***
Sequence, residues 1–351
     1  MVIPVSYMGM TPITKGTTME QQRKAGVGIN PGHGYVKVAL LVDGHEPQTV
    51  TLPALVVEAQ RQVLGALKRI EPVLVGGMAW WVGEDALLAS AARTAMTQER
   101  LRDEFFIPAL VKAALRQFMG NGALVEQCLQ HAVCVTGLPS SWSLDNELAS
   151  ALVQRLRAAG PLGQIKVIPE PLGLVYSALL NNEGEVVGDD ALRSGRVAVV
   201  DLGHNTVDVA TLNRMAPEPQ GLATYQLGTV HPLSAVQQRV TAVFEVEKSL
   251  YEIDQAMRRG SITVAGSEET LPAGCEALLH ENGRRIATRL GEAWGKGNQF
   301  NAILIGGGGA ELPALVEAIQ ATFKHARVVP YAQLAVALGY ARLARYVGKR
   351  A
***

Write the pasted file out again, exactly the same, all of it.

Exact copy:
Sequence, residues 1–351
     1  MVIPVSYMGM TPITKGTTME QQRKAGVGIN PGHGYVKVAL LVDGHEPQTV
    51  TLPALVVEAQ RQVLGALKRI EPVLVGGMAW WVGEDALLAS AARTAMTQER
   101  LRDEFFIPAL VKAALRQFMG NGALVEQCLQ HAVCVTGLPS SWSLDNELAS
   151  ALVQRLRAAG PLGQIKVIPE PLGLVYSALL NNEGEVVGDD ALRSGRVAVV
   201  DLGHNTVDVA TLNRMAPEPQ GLATYQLGTV HPLSAVQQRV TAVFEVEKSL
   251  YEIDQAMRRG SITVAGSEET LPAGCEALLH ENGRRIATRL GEAWGKGNQF
   301  NAILIGGGGA ELPALVEAIQ ATFKHARVVP YAQLAVALGY ARLARYVGKR
   351  A